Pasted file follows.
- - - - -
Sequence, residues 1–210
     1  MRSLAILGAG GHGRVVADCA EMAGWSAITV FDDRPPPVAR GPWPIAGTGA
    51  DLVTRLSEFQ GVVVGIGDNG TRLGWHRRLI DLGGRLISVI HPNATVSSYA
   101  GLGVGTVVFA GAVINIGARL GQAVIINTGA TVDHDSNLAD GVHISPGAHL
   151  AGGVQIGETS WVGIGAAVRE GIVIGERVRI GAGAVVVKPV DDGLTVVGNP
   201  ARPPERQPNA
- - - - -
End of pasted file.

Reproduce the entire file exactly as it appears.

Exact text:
Sequence, residues 1–210
     1  MRSLAILGAG GHGRVVADCA EMAGWSAITV FDDRPPPVAR GPWPIAGTGA
    51  DLVTRLSEFQ GVVVGIGDNG TRLGWHRRLI DLGGRLISVI HPNATVSSYA
   101  GLGVGTVVFA GAVINIGARL GQAVIINTGA TVDHDSNLAD GVHISPGAHL
   151  AGGVQIGETS WVGIGAAVRE GIVIGERVRI GAGAVVVKPV DDGLTVVGNP
   201  ARPPERQPNA